JWG via DTN 15 January 2023 JT and Rae have been reading the tar baby saga and are trying hard…
During Tibet’s early history it was an independent and often powerful state, but from the 13th century, when it submitted to Mongol rule, until modern times, it has endured long periods of either Chinese control, Chinese influence, or effective autonomy.
Tibet has become the focus of world attention after violent protests against Chinese rule.
It has long captured the West’s imagination as the site of a mystical Utopia.
Geographically dramatic and remote, it has an average altitude of 13,000ft (4,000m) above sea level and is popularly referred to as “the roof of the world”.
It is isolated not only geographically, but also diplomatically. China enforced a long-held claim to Tibet in 1950, and it was subsequently incorporated into Chinese territory.
Tibet’s spiritual leader, the Dalai Lama, fled to Dharamsala in northern India, where his supporters have set up a government in exile. Meanwhile Tibet itself is rapidly changing, as increasing numbers of Han Chinese arrive in search of work. (More on BBC)
Tibet: The Forgotten Refugee Crisis
Tibetan sovereign culture, religion, history, and language are being systematically and deliberately erased in what the Dalai Lama has called a ‘cultural genocide’ at the hands of China’s Communist party.
(Epoch Times) The Majnu Ka Tilla Tibetan refugee colony in New Delhi is a chaotic neighborhood of narrow alleys and shanty concrete structures packed into a thin strip of land between National Highway 9 and the Yamuna River.
The refugee colony was founded in the 1960s to consolidate Tibetan refugee communities around India’s capital into one location. Today, about 3,000 Tibetans live in Majnu Ka Tilla.
Scattered throughout India and Nepal, Tibetan refugee colonies like Sonamling have become time capsules of Tibetan culture prior to the 1950 Chinese invasion.
“I went back to Tibet in 1991 for two months,” Topgyal Tsering, 47, said during an interview at the Tibetan government in exile’s offices in Sonamling. “There were many changes. Tibetan culture was disappearing very fast. There were no more yaks, and no more dzos plowing the fields. People no longer wear the traditional clothes, and in some places it is forbidden to speak the Tibetan language.”
The need to preserve their culture, coupled with an unshakeable belief that Tibet will one day regain its independence, has left the Tibetan refugee community in limbo. “Tibetans can’t integrate into India because if they do, their culture will disappear,” Tsering said…. With China stamping out Tibetan culture within Tibet, Tsering said refugee communities have a special responsibility to preserve their exiled nation’s culture, religion, and language.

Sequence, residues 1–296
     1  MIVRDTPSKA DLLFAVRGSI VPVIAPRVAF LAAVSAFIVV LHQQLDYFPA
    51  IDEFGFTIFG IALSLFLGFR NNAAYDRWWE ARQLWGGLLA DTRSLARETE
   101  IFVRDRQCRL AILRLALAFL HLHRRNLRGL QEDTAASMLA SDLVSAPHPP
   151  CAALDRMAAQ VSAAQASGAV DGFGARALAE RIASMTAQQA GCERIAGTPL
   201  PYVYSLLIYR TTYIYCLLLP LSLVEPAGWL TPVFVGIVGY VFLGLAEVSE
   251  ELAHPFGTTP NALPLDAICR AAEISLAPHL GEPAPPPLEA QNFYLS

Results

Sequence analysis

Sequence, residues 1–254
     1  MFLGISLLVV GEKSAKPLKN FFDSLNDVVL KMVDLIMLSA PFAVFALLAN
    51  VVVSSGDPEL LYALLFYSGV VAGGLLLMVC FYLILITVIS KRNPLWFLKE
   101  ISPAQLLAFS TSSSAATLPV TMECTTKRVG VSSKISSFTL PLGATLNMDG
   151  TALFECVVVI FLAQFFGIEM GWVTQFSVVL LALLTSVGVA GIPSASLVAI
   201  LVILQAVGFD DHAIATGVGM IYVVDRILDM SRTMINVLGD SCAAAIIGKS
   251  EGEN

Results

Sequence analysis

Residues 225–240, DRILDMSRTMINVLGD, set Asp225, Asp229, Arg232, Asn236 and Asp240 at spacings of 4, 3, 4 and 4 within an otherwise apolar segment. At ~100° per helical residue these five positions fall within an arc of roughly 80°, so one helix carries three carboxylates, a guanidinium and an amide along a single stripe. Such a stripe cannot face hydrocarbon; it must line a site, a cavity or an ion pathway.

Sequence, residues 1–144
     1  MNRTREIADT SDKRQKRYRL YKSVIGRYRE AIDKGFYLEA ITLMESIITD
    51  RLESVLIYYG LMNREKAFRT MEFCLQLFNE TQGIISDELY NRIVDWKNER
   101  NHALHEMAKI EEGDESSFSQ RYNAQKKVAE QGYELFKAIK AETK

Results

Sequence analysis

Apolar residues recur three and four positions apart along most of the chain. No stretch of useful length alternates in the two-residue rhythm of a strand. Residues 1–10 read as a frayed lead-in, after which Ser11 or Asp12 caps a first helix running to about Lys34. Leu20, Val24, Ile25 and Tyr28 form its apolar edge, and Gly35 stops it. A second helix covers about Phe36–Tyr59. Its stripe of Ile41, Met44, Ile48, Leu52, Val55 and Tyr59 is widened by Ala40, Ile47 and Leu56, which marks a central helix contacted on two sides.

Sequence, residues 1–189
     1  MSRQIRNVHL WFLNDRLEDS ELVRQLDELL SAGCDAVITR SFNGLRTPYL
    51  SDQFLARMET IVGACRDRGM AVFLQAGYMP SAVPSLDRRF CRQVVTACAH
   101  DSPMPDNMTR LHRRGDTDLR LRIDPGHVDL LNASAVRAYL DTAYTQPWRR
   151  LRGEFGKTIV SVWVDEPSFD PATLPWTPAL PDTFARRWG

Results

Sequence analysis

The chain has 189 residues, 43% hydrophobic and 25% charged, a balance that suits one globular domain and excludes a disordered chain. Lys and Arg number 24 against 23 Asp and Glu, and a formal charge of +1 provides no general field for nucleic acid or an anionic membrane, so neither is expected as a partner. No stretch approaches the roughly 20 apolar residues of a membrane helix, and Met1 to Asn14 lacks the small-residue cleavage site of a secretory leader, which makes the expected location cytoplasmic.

… “The border between India and China is almost completely sealed,” Rinchen said. “It’s almost impossible to get out. China is spending a lot of money to guard this border and keep Tibetans from fleeing. This is telling. People don’t risk their lives to escape a country where they are happy and have a good life.”
Rinchen is second in command of the Tibetan government in exile’s Department of Security. The department has a broad set of responsibilities and is equivalent to a fusion of the CIA, Secret Service, and FBI for the exiled Tibetan government. Approximately 100 staffers and agents working for the department assist the Indian government with providing security for the Dalai Lama. They also hunt for Chinese spies in Dharamshala, defend Tibetan government computers against Chinese cyberattacks (which are frequent) and debrief recently escaped Tibetan refugees about conditions inside Tibet.
Rinchen said the security department’s debriefings of refugees paint a picture of pervasive human rights violations inside Tibet, as well as simmering resentment against Chinese rule that has not abated or diminished after 65 years.
China destroys the ancient Buddhist symbol of Lhasa City in Tibet
(CNN) Ignoring both religious freedom and the outcry of the Tibetan people, the Chinese authorities have begun demolishing the ancient capital of Lhasa, including one of the most important Buddhist sites of the city, Tibet’s holiest Jokhang Temple.